New Languages Take Tweets in Another Direction

Twitter added four new language options to its translation repertoire last week: Arabic, Farsi, Hebrew and Urdu. Like the other languages that the popular online messaging service has been translated into, the task was crowdsourced to volunteers via Twitter’s translation center, allowing it to be completed in just a couple of months. Twitter described the process on its blog:

“We first added these four languages to the Twitter Translation Center on January 25. Thirteen thousand volunteers around the globe immediately got to work, translating and localizing Twitter.com into these languages in record time.”

Unlike English (and most of the other languages Twitter has been translated into thus far), these languages are all written and read from right-to-left. Therefore, bringing them to Twitter posed special challenges, requiring more involvement from Twitter engineers and making the short turnaround time even more impressive. As Twitter localization manager Laura Gomez explained to the Los Angeles Times:

“The anatomy of a Tweet by nature can be complex since it often contains a mix of text, links and hashtags. Adding RTL to the mix raises its own technical and design challenges. For this launch, we had to make a number of improvements to ensure Tweets look and behave correctly RTL.”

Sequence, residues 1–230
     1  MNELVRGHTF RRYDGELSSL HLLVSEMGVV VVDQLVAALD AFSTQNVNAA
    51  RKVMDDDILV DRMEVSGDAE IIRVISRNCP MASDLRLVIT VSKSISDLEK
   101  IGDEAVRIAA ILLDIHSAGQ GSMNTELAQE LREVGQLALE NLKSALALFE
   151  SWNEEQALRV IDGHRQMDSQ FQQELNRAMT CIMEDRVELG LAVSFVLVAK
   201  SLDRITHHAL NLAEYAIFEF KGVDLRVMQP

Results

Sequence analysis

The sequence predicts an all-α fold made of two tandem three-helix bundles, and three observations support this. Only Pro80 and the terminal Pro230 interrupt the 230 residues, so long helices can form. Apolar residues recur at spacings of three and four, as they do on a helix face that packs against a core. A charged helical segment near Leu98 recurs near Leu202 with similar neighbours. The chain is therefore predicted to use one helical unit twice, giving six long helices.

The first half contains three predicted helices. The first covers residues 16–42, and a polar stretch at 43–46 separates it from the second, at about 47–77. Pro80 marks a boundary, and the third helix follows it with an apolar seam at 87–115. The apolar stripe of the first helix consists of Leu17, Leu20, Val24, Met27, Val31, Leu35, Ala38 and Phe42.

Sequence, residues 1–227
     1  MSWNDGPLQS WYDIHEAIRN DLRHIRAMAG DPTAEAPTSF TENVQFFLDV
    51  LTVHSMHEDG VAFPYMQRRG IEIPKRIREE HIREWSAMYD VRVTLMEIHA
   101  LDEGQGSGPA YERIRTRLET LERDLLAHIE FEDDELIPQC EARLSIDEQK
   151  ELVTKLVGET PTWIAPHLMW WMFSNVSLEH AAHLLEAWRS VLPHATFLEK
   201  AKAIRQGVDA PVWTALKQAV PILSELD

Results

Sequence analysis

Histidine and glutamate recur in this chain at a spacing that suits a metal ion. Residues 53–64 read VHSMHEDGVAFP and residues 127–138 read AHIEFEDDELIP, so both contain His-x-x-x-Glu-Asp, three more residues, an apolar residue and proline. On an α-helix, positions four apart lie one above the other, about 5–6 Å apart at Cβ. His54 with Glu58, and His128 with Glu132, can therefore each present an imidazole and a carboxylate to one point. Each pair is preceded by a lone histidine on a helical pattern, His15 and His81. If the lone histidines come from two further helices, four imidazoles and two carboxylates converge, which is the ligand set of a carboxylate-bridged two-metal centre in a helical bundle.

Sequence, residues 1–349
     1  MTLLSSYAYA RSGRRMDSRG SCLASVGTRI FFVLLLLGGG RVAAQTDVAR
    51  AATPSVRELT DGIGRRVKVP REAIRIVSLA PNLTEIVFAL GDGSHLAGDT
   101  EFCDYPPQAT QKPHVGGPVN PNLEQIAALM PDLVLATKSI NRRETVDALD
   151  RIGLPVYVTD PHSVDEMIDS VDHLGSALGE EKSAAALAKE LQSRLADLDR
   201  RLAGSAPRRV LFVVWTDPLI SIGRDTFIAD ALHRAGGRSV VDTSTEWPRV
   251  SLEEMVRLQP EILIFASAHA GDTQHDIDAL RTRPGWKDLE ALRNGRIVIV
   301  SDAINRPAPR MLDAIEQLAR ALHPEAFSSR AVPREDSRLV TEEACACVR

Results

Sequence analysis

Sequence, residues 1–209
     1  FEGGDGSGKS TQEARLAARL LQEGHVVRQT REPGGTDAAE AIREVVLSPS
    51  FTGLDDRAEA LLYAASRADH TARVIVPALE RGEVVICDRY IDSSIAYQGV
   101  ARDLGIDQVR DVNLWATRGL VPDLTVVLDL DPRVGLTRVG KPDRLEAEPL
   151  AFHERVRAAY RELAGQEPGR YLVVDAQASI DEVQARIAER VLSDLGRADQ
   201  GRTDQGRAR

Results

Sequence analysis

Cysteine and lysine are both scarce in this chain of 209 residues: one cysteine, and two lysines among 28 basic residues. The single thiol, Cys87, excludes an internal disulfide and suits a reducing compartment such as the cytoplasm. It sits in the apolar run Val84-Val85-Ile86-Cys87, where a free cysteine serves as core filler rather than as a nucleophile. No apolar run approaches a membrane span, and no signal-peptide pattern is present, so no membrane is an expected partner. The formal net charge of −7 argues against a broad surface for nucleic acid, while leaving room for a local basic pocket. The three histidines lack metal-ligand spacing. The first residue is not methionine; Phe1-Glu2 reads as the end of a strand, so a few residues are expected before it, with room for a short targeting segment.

Twitter is now available in 28 languages, further cementing its role in connecting people both within and across cultures and countries. Several of the countries that use the languages included in this most recent batch of translations have banned Twitter for its role in coordinating protests against authoritarian governments. Some of the volunteers who translated the site had to navigate past government blocks of the service to do so.

However, as Annabelle Sreberny, professor of global media and communications at London’s School of Oriental and African Studies, told the BBC, Twitter is an important tool for protesters but it isn’t the only or even the most important one:

“It is just one among a range of tools and platforms that people use. I think the parallel would be the making available of tools to help people blog in Persian in 2002-3 by Hossein Derakshan. His manual on how to blog in the language helped trigger a huge boom in Persian voices on the internet.”

Image Credits: Attribution Some rights reserved by A l i ~ فـرز الـوغـى

2 replies
  1. Bagmi Knott
    Bagmi Knott says:

    Why would they need 13,000 volunteers, over 40 days? Did each only translate a single sentence and/or write 10 lines of code? The numbers don’t really add up.

    Reply
    • Alison Kroulek
      Alison Kroulek says:

      Bagmi, I believe that’s about right- each volunteer contributed a piece of the translation for the UI and also gave feedback on other people’s translations to make them more accurate. Check out the Twitter translation center if you’re interested: https://twitter.com/about/translation

      Reply

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